bastion

Bastion hosts are used as SSH jump hosts for users trying to reach production servers. The bastion role creates all of the user accounts and SSH key pairs for users seeking to access the environment. We also need to download the created public keys so that we can have them signed by the certificate authority.

existingCA

The existingCA role is used to sign public keys with the existing certificate authority created by the newCA role. We need to generate certificates for the public key of each user on each bastion host. These certificates need to be generated with the correct principals for each user. After the certificates have been generated, they must be downloaded so that they can be distributed to the appropriate bastion hosts.

It’s worth noting that this distribution of signed certificates is performed directly in the root main.yml play, instead of being split out into a separate role.

sshServers

The sshServers role is applied to all production servers that accept user logins via certificate-based SSH. Each of these servers must trust the public key of the certificate authority, and they must be configured to allow root login with the appropriate principals.

Tags

While all of these deployment activities by Ansible are useful, it would be even more helpful to simply execute parts of the overall play on an as-needed basis. It probably isn’t necessary to generate a new certificate authority key pair every week (although this could be desirable). Rather, it might be useful to simply re-sign the existing public keys of each user with the existing certificate authority private key. Likewise, it could be useful to generate new SSH keys for all users and have these signed by the existing certificate authority. This is pretty simple to accomplish by using Ansible tags. The code implements tags for both of the above scenarios.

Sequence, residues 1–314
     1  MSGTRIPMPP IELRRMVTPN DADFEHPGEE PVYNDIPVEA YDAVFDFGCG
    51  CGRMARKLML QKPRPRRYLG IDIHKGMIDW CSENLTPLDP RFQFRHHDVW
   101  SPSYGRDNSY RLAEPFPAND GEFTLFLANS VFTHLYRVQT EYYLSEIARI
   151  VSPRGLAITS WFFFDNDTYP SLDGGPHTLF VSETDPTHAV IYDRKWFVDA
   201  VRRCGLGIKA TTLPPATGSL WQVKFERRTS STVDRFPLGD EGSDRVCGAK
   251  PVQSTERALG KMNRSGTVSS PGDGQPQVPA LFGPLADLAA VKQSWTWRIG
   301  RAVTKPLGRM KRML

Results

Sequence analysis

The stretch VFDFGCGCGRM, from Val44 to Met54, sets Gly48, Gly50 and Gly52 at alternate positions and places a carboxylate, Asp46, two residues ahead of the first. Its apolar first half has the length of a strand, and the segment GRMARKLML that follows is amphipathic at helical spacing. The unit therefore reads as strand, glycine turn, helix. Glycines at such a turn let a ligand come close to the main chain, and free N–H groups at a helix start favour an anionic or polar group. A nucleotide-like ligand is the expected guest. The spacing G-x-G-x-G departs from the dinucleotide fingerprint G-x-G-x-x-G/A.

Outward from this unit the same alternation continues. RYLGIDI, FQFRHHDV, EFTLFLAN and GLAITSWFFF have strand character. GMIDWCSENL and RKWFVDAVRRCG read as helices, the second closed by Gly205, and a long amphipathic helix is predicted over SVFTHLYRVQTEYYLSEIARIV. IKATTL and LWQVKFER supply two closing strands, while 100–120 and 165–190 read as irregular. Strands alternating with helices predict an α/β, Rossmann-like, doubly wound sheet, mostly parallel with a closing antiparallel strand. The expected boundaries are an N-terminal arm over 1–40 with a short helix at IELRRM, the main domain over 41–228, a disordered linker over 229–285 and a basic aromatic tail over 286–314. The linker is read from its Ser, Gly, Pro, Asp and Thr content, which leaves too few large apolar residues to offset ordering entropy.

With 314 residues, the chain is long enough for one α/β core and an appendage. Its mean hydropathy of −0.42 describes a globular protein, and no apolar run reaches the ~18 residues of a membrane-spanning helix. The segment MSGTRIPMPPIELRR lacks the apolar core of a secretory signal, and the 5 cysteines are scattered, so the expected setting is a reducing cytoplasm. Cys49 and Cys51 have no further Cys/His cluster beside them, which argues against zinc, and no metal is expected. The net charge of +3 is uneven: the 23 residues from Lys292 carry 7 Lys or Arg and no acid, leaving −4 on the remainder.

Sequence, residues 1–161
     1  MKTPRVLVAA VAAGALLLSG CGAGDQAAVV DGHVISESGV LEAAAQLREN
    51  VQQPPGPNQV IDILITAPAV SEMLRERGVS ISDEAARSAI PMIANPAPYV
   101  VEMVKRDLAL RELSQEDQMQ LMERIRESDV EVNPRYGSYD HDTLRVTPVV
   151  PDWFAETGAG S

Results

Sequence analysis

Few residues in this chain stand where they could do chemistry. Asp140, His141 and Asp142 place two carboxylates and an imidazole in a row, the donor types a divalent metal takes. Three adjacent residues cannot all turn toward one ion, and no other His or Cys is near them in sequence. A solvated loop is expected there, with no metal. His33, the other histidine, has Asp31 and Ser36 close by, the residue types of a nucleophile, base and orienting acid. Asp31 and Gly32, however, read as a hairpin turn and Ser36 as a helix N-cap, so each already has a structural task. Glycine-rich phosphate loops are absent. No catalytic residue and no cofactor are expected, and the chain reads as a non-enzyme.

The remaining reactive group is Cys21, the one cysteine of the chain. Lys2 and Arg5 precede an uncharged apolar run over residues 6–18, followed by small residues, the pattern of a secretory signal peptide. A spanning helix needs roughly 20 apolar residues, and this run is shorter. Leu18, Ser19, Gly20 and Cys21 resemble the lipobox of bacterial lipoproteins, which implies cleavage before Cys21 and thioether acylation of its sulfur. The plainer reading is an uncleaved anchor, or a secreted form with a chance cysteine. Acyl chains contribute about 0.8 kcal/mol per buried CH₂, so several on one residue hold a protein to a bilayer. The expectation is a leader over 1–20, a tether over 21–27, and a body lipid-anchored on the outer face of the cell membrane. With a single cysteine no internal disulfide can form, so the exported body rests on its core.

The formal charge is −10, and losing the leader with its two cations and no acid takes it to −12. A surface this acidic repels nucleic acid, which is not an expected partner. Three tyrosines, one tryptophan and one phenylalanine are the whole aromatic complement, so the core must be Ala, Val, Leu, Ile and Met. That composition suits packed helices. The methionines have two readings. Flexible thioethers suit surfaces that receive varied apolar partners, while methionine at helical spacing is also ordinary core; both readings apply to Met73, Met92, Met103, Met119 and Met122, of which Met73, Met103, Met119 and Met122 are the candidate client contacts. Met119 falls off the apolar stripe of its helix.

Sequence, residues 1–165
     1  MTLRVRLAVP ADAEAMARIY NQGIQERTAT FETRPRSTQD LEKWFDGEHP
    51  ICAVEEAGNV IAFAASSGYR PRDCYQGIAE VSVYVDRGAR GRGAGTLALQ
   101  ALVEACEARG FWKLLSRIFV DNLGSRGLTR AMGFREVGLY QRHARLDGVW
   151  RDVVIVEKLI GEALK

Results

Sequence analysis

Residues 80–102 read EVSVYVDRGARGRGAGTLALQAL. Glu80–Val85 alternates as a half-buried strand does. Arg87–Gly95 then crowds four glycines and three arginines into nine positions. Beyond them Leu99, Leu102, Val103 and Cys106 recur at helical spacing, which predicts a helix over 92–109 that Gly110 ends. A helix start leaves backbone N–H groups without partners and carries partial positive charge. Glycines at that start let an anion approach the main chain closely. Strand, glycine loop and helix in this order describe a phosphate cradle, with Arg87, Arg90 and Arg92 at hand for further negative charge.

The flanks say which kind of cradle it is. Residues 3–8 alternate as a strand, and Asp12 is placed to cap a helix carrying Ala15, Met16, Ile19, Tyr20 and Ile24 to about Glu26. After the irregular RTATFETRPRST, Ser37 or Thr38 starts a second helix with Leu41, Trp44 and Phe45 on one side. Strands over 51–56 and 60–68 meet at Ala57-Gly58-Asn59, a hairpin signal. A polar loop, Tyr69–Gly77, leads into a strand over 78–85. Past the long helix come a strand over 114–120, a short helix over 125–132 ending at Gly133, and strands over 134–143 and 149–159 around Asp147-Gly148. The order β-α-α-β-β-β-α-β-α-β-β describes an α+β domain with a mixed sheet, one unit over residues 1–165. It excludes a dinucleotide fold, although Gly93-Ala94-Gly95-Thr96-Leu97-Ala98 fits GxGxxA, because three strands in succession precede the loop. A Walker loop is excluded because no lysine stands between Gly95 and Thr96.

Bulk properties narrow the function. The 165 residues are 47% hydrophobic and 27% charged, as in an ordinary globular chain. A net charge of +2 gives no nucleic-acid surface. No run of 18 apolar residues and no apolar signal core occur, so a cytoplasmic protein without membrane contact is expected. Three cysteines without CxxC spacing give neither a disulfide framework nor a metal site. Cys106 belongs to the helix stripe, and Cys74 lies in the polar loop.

For example, executing ansible-playbook main.yml –i hosts --tags reSignOnly will simply generate new certificates for all users by signing their existing public keys with the existing CA private key.

Challenges

I did run into some challenges when building this set of playbooks. A few of these are based on strange shortcomings in Ansible that had to be circumvented.

Not using Ansible key generation

It might seem odd that I don’t utilize the key generation capabilities of Ansible, namely the authorized_key module Unfortunately, the authorized_key module is incapable of overwriting an existing SSH key pair, which is necessary in the use cases of these playbooks. Specifically, tasks making use of the initialBuild and reKeyReSign tags would fail, as Ansible would be unable to generate new SSH keys for each user.

Multiple bastions

The most frustrating issue that I ran into was Ansible’s limitations around loops. For the playbook to work on multiple bastion hosts, it’s necessary to iterate over both a list and a dictionary. Namely, the list of bastion hosts and the users dictionary from the all.yml file need to be processed due to the way that Ansible fetch operations structure directories. I don’t want to rehash the issue too much here, so I’ll just reference the Stack Overflow question about the issue

The “solution” to this, as explained on Stack Overflow, is to use a hack that compresses a dictionary into a list. While this certainly works in my use case, it’s a bit frustrating that Ansible doesn’t provide more robust mechanisms to loop over arbitrary combinations of data structures.

Existing and new CA roles

It might seem strange that I’ve created roles for both an existingCA and a newCA even though these roles are executed on the same host (the certificate authority). It would make more sense to use tags for this use case. Unfortunately, Ansible doesn’t provide for the ability to execute tags in the main playbook. To use tags, the main playbook would have to execute the same role with different tags at different times.

For example, let’s suppose we used one role called certificateAuthority. Let’s say that all tasks involved in building a certificate authority are tagged with the NewCATasks tag. Then, let’s say that all the tasks involved with certificate generation on an already-built certificate authority are tagged with the existingCATasks tag. The main tasks.yml file would have to call the certificateAuthority role twice at different times: once with the NewCATasks tags and then again with the existingCATasks tags.

Currently, Ansible doesn’t provide the ability to call other playbooks using tags. This might be by design: it can encourage cleaner code and less confusing tag dependencies. At any rate, it seemed sensible to divide the tasks into different roles.

Doing it live